Five hostages held in Afghanistan since 2009 freed

Two French journalists held hostage in Afghanistan since December 2009 were freed Wednesday in good health, bringing cheers and joyful tears in France which has been united in its campaign to bring the two men home.

PARIS — Two French journalists held hostage in Afghanistan since December 2009 were freed Wednesday in good health, bringing cheers and joyful tears in France which has been united in its campaign to bring the two men home.

Stephane Taponier and Herve Ghesquiere, in captivity for nearly 550 days, were freed along with the journalists’ translator, Reza Din, authorities said.

Two other Afghans held with them were freed earlier, but nothing was said in order to keep negotiations on track, Foreign Minister Alain Juppe said.

The newly freed journalists were to due to in France on Thursday at Vilacoublay military airport outside Paris at 8 a.m. (0600 GMT).

Champagne corks popped at France-3, the TV channel where the two Frenchmen worked, and banners hung in a campaign to get them home were being taken down.

“We are happy …. It’s a great moment to see their families explode with joy,” France-3 executive editor Thierry Thuillier said.

Ghesquiere, 47, and Taponier, 46, were kidnapped together with three Afghan associates while working on a story about reconstruction on a road east of Kabul. They had been embedded with French troops in Afghanistan, but decided to take off for reporting on their own and were captured.

The Taliban said the insurgency movement was holding them and made a set of demands — never fully published — in exchange for the men’s freedom.

French officials quickly moved to quash questions about whether a ransom was paid for the men’s freedom. Juppe said “France does not pay ransom.” Still, speculation was widespread that the captors were compensated.

President Nicolas Sarkozy thanked “everyone who participated in freeing the hostages” and praised Afghan President Hamid Karzai for his management of the hostage situation, without providing further details.

Prime Minister Francois Fillon thanked “these men and women who worked for this liberation, often from the shadows, taking lots of risks.”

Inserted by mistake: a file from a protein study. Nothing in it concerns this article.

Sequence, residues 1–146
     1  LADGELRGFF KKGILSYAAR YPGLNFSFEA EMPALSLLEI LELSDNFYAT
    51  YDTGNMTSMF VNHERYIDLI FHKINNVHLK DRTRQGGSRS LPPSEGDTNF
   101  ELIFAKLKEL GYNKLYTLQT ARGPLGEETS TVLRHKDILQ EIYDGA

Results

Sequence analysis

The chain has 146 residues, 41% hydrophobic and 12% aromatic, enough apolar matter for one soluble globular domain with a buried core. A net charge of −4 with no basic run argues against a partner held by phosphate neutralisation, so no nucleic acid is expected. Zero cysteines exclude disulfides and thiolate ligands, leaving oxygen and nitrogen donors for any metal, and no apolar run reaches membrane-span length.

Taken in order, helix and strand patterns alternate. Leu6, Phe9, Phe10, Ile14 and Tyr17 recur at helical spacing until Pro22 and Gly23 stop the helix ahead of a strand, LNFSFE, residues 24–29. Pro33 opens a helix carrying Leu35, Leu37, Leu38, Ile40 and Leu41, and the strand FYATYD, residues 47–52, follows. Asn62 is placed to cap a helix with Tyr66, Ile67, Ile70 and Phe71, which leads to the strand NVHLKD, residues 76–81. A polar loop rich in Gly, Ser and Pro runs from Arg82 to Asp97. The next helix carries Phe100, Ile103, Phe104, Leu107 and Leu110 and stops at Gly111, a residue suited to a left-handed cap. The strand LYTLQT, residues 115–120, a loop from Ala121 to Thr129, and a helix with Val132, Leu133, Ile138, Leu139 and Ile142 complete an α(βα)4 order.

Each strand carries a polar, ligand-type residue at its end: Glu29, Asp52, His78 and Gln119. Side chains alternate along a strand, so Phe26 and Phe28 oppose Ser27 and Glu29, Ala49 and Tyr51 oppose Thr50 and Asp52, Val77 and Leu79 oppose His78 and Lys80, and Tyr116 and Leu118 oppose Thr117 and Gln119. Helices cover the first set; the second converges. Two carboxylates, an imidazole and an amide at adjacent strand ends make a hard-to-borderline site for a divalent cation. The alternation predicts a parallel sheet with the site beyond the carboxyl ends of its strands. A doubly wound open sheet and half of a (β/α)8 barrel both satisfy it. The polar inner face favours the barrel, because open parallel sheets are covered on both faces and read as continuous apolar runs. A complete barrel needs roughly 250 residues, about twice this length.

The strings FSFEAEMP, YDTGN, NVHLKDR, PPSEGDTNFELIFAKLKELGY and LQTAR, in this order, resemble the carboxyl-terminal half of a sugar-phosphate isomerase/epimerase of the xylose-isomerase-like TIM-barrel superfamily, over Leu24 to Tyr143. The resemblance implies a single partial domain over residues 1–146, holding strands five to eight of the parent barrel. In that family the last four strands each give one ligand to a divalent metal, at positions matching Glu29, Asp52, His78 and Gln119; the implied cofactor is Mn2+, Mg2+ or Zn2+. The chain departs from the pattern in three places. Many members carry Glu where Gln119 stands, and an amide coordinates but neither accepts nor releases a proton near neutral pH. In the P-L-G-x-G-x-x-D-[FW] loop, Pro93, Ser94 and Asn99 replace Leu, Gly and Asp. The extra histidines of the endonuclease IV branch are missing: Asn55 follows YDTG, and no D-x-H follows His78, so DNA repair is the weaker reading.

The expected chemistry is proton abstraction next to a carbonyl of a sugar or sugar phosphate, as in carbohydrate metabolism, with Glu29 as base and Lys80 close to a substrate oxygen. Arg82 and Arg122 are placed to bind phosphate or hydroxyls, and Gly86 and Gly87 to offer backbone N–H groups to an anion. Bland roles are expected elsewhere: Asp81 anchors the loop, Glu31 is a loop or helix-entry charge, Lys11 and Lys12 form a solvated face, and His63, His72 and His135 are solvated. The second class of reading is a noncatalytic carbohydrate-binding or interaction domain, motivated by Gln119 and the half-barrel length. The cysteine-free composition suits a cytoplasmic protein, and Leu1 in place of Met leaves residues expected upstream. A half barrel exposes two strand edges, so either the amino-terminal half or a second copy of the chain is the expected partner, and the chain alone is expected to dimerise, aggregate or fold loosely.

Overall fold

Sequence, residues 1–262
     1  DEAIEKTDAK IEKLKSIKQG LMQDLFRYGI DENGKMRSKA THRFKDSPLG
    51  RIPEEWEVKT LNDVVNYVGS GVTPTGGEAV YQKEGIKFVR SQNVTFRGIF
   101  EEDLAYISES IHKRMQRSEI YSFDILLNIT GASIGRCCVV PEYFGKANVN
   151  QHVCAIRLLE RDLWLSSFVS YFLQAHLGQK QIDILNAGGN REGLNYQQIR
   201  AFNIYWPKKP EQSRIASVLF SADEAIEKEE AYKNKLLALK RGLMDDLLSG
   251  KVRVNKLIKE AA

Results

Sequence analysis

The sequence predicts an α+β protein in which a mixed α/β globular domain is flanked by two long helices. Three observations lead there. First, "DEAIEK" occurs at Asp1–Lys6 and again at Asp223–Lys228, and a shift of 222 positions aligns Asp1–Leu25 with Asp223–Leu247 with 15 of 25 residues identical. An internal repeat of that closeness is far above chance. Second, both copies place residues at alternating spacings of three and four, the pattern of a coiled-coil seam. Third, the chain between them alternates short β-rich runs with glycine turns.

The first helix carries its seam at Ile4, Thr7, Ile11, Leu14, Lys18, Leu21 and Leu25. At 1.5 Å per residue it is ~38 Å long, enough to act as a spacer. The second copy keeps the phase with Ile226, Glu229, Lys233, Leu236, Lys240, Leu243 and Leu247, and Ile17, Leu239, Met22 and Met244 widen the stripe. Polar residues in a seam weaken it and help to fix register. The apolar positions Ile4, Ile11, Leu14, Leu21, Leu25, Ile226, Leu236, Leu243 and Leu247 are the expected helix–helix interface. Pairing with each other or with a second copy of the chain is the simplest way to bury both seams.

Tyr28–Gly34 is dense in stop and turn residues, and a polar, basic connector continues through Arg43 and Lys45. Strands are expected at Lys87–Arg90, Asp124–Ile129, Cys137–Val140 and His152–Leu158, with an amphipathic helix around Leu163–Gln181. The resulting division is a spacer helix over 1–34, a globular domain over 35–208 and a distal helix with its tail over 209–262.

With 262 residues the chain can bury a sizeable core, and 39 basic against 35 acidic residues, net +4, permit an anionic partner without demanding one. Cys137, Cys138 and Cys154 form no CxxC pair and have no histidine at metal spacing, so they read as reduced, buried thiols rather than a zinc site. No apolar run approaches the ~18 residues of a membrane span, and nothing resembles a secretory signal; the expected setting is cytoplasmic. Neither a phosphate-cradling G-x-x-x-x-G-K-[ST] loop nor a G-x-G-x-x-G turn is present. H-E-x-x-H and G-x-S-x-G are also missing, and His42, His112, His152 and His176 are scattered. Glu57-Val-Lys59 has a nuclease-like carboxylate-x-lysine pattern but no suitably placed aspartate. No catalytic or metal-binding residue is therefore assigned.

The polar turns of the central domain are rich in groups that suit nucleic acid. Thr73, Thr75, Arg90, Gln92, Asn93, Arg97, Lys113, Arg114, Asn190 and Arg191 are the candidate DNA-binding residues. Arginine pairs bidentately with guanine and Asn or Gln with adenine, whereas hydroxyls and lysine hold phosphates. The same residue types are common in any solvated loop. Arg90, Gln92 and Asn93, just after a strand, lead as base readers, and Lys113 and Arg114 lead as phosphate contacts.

The head of Reporters Without Borders, Jean-Francois Julliard, who was in Afghanistan days ago, said on BFM-TV that Karzai freed some prisoners to partially fulfil a Taliban demand.

The media watchdog group had been in constant communication with French authorities during the hostage situation.

Fillon said the two men were in good health and would be returning shortly to their homeland after one of France’s longest hostage ordeals.

“For the past several hours our two French hostages in Afghanistan are in the hands of French forces at the Tagab base,” the prime minister told legislators.

“Our two hostages are in good health and will be on French soil in several hours.”

Responding to reporters’ questions about why it took 18 months to release the journalists, Juppe said the operation was especially complex.

“We were facing an organization, rather an extremely complex disorganization, with numerous officials to be identified. We had to untangle the strings, get green lights which came from different circuits.”

That the captives were held in a combat zone where French troops are operating around the Kapisa Valley made the task still more delicate, he told reporters.

Ghesquiere and cameraman Taponier are seasoned journalists. Ghesquiere specialized in war reporting, covering the Balkans conflict and doing investigative reports from around the globe, from Cambodia to the disputed Western Sahara territory. Taponier had filmed in the past in Afghanistan, notably a 2000 report on the northern commander Massoud, who was later killed.

Exactly a week ago, French Defence Minister Gerard Longuet said on French TV that the announcements of staggered French and American troop withdrawals might help the cause of freeing Ghesquiere and Taponier. President Barack Obama announced the withdrawal of 33,000 troops by September 2012, and France followed suit, announcing it will pull out a quarter of its force of 4,000.

A Taliban spokesman, Zabiullah Mujahid, had accused France on Jan. 1 of “doing nothing” to free the men. In April 2010, after posting a video of the hostages on the Internet, the Taliban said they had submitted a list of prisoners to French authorities that they wanted freed in exchange for the hostages.

With news the journalists were freed, France-3 immediately put up a thumbnail image on the upper left corner of the screen showing the two journalists’ faces, with the word “FREE” in big white letters.

“We’ve lived for a year and a half with this weight … and this weight has disappeared,” said the President of France Television, Remy Pflimlin.

The announcement came amid an outdoor gathering of a support group headed by Florence Aubenas, a journalist who was held hostage in Iraq for 157 days and freed in 2005.

A telephone call broke the news.

“There are magic moments like that. We all fell into each others’ arms,” Aubenas said on France-3. “It was a moment of incredible emotion.”

With a vibrant campaign launched in France on behalf of the hostages, the men’s faces are familiar to many here.

The channels of France-3’s umbrella group, France Televisions, have long been closing their newscasts with photos of the French journalists and a tally of the days they have been held. Paris City Hall has held rallies with giant posters of Ghesquiere and Taponier and towns have put up banners with their photos. Supporters even hoisted a banner on the top of Mont Blanc in the Alps.

Eight other French citizens remain captive: four thought to be held in Mali, one in Somalia and three aid workers captured in May in Yemen.